The Summer Release of OnVolunteers’ Premium Edition introduced the new  ‘Requirements’ functionality. This capability provides school administrators and volunteer coordinators a systematic way to track parents who have undergone criminal background checks and ensure that only these parents are allowed to register for volunteer tasks that involve children.

As part of the Requirements feature in OnVolunteers, school administrators and volunteer coordinators can create a ‘Requirement’, such as that of a criminal background check. Administrators and coordinators, after receiving the necessary  background check documentation from parents, then assign the requirement to the parents’ user profile in their respective accounts, including the dates for when the criminal background check is valid. When volunteer tasks involving children become available, these tasks are made available to parents – shown only within their unique, password-protected accounts – whose criminal background checks are currently valid. Those volunteer tasks are hidden from any parent who hasn’t completed a criminal background check.

The Requirements feature – with its capability to systematically track parents with associated criminal background check information – is unique to OnVolunteers Software. No online sign up form service or volunteer management software provides any form of this type of tracking capability.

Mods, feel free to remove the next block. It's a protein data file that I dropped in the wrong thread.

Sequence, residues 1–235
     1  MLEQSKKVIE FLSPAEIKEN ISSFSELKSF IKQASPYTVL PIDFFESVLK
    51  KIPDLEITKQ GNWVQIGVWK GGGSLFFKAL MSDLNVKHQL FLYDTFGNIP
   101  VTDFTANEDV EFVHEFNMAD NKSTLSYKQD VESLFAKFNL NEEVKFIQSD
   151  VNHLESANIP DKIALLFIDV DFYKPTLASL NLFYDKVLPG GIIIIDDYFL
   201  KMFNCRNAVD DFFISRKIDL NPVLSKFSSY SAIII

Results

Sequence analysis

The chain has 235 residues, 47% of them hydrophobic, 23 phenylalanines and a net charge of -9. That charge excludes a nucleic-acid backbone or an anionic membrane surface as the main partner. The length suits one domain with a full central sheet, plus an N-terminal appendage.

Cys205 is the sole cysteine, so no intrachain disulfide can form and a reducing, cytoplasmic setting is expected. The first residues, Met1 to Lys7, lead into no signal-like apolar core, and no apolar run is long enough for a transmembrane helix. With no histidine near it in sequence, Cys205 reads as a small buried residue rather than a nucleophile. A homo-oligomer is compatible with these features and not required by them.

If you’d like to learn more about the Requirements feature and the OnVolunteers Premium Edition, please submit an inquiry within our website.

Happy Volunteering!

The OnVolunteers Team

Stage 3 of No-nonsense Guide to planning your event or activity

Build out your plan.
In Step 2 we focused on defining the main areas of your event or activity, you’re off to a roaring start because defining the main areas is really your foundation of your event or activity. Next, you can begin to build out your plan, outlining all the key or important details, from the number of parent volunteers you’ll need to when things need to be completed by. This post will help you build out your plan to ensure your event or activity goes smoothly and successfully.

Focus Areas

  • Define your main subject areas.
  • Build out the volunteer task list.
  • Define a detailed timeline containing the volunteer task list, i.e. define when volunteer tasks needs to be done.
  • Create the Supplies list.


  • Volunteer task spreadsheet.
  • Event/Activity Planning Timeline.
  • Supply spreadsheet.

Building the Volunteer Tasks list
The foundation of your plan is all the volunteer tasks that need to be done to ensure your event/activity is a success. A good way to start is to think of what you want to accomplish. This will allow you to identify what tasks are needed. Start with a spreadsheet, either Microsoft Excel or Google Sheets work fine.
On the farthest left hand column, enter the essential components that you identified in the Stage 2; create a row at the top for your header title. Call this column the ‘Subject Area’. The next column to the right, you can enter the volunteer tasks you think are needed for each of the components; call this your ‘Volunteer Task’ column.

In the next column to the right of the volunteer task, enter the # of volunteers you need for each task. If this is your first time to manage your even/activity, it may be difficult for you to determine how many people you’ll need. Here are a few considerations:

  • How long will the task take? either in terms of pure hours or in duration. Generally, the more hours needed, the more people you need.
  • People’s skills – do any of the volunteer tasks require any special skills?
  • Physical abilities needed for tasks – define if any of the tasks involve any heavy lifting.